How to properly tune spring constraints for cars. (Critical damping formula)

Idk if this is in the right category.

Hello. At some point in roblox development, you have probably tried making a vehicle chassis. And if you have spent any reasonable time tuning your cars, you might notice how hard it is to tune the car suspension, or how long you can spend tweaking values, play testing, tweaking values, and playtesting. Or you might be a perfectionist like me. Where you tune your car really well, and then you either notice something really tiny, and minor that no one else will notice, or you might be wondering if you can tune your car even better, or go even farther, or you might not know if your car is even tuned correctly.

WellâŚ in this topic, I will have (hopefully) saved you from countless hours of playtesting, tweaking, and not being satisfied with how well your car is tuned.

If you have ever made a car system, you might notice how âstiffâ your suspension is, or how it might feel like your car doesnât even have suspension at all even though your car has spring constraints.

Here is a video of what I mean:

Ok, that video might have been a bad example, but I think you probably get the point. You have spring constraints, but they arenât very soft, they are very âtoughâ, and it almost feels like there are no springs at all.

Here is a video of what the car suspension should feel like:

Maybe the springs on that car still seem a little âstiffâ, but they are noticeably softer than the video with the other springs.

So. If youâve ever made a car chassis, youâve probably just set your spring stiffness, and damping to something random like 10k, and 500, and just left it as is. And that is probably why your carâs suspension feels âtoughâ, and not soft.

We will be taking a look at the critical damping formula/equation to figure out the right damping values for our springs `(2 * math.sqrt(mass * stiffness) * TuningConstant) / Wheel_Count`, but I couldnât find any good formula to tune the stiffness, so I will just be using `(mass * gravity) / Desired_Suspension_Height / Wheel_Count` to figure out the ideal stiffness. I randomly came up with this, and it works really well for me and so that is why I will be using it.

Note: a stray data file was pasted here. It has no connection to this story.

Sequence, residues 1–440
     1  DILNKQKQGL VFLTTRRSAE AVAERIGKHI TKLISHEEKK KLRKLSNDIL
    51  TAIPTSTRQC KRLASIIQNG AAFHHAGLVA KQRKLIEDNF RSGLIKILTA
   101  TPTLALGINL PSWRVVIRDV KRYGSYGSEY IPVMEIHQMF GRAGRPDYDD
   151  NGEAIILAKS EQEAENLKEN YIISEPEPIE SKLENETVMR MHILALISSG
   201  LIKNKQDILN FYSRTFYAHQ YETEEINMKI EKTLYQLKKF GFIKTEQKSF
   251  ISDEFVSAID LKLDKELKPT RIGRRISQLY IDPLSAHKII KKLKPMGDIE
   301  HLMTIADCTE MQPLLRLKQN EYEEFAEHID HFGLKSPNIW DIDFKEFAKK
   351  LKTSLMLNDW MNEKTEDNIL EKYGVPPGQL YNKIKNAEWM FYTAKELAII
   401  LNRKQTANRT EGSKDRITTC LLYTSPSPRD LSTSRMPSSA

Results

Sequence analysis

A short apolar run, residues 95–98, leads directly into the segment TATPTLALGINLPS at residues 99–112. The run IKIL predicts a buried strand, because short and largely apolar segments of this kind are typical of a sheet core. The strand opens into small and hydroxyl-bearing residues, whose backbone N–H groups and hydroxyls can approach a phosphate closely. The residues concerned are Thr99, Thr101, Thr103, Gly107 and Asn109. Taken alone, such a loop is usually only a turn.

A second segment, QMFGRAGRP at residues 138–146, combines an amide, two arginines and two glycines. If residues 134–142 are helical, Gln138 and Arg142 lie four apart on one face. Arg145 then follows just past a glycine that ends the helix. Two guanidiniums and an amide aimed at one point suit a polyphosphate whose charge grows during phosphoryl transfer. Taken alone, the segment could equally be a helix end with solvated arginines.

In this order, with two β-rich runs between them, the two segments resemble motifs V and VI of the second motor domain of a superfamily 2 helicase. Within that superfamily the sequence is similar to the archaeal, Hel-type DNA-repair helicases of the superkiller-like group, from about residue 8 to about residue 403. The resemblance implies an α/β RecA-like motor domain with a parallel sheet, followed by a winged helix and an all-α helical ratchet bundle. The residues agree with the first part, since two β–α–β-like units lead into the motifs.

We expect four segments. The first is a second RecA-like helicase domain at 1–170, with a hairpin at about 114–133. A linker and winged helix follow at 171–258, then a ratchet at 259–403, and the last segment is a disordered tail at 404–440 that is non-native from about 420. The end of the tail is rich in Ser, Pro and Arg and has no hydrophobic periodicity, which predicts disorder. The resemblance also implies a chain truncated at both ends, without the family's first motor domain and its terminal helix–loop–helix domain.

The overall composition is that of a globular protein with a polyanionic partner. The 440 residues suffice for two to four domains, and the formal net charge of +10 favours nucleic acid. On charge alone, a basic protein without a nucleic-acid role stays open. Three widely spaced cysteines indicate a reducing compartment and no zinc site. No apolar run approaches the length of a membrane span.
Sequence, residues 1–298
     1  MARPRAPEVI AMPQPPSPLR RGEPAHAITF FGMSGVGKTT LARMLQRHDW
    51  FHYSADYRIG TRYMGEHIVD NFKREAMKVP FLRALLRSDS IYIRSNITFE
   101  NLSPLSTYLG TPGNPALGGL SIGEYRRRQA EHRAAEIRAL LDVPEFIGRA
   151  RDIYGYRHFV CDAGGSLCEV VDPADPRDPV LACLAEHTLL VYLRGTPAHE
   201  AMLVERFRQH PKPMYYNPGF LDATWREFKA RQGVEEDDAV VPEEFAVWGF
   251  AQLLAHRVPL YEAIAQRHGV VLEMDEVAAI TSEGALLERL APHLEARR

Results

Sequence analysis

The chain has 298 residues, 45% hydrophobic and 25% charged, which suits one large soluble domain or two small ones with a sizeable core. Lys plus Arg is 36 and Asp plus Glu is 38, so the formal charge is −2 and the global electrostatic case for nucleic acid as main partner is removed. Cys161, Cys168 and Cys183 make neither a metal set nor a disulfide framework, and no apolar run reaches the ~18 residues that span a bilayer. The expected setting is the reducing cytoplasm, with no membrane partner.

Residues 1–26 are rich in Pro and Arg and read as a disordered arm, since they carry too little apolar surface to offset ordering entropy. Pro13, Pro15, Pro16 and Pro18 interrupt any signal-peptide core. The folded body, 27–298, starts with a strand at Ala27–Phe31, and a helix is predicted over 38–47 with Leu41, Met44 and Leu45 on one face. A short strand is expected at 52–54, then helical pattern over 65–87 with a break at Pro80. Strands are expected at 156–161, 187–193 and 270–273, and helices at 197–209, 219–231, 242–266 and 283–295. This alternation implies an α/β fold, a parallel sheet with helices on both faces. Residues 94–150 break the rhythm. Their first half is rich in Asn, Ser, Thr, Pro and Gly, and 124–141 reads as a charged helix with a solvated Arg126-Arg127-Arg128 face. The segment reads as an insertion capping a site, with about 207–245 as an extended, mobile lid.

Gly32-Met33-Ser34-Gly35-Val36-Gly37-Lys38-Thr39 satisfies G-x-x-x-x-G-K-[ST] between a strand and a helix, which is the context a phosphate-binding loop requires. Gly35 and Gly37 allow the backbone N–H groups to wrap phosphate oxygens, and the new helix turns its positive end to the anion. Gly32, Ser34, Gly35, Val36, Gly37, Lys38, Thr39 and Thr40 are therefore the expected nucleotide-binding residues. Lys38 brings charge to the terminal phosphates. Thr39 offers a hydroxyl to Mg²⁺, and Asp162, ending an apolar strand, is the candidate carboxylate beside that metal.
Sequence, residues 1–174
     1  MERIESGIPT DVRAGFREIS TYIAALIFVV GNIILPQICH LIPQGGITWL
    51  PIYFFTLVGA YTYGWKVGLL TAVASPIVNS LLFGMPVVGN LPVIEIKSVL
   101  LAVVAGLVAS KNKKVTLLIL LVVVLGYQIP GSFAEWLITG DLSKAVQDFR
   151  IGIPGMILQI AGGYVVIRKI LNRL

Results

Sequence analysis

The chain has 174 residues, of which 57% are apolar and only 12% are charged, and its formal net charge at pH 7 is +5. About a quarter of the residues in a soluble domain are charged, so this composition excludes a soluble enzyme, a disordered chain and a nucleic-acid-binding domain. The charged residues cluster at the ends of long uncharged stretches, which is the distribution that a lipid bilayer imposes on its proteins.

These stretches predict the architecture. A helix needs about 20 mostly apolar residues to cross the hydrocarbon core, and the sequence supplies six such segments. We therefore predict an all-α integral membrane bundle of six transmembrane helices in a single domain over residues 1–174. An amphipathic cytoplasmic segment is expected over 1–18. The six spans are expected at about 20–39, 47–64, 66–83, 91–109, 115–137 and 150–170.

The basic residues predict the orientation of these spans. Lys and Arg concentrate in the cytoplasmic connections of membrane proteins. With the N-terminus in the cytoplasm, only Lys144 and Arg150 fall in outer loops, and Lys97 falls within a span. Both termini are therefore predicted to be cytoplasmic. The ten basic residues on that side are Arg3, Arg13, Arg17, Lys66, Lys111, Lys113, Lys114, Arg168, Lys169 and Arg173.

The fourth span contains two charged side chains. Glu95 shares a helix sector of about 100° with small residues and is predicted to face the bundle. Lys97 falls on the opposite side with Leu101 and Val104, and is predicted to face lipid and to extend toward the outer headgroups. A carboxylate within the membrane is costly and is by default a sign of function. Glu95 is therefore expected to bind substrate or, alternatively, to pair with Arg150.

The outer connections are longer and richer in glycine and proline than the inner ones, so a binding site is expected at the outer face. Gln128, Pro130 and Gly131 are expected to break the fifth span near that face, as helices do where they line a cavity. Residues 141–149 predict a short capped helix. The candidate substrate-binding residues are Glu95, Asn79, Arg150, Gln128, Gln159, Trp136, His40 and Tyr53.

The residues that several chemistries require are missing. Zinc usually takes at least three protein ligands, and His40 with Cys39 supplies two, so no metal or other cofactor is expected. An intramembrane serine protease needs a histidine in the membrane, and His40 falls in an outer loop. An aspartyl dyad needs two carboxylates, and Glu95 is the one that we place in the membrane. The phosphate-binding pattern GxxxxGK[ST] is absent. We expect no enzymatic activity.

(I know that Wikipedia exists, but it is way too hard to understand)

How to figure out the car's mass, and gravity.

If your car is like mine, and the mass depends on the mass of just one block, all you really need to do is select the part, and go to properties, and then find the mass property. If you canât find this property, then reference the part in a line of code, and then call `:GetMass()` and then print it. In my case `print(workspace.DefaultDuneBuggy.Chassis.Mass:GetMass()`. And then run it in the command line/command bar. And it will print the mass of the car in the output.

If all of the parts of your car have mass, you need to loop through each BasePart (Meshes, Unions, Parts, Wedges, etcâŚ) in the car, and add all of their masses together.

``````local mass = 0
for index, instance in pairs(Car_Reference:GetDescendants()) do
if instance:IsA("BasePart") then
mass = mass + instance:GetMass()
end
end
print(mass)
``````

Run this in the command bar (make sure to replace `Car_Refrence` with the reference to your car), and then it will print the total mass of your vehicle.

To figure out gravity, then just go to workspace, and then find the gravity property. If you canât find this property, then just run `print(workspace.Gravity)` in the command line, and it will print the gravity in the game into the output.

Ok. Now.
My carâs mass is `3200`, the gravity in the game is `196.2`, and the amount of wheels my car has is `4`.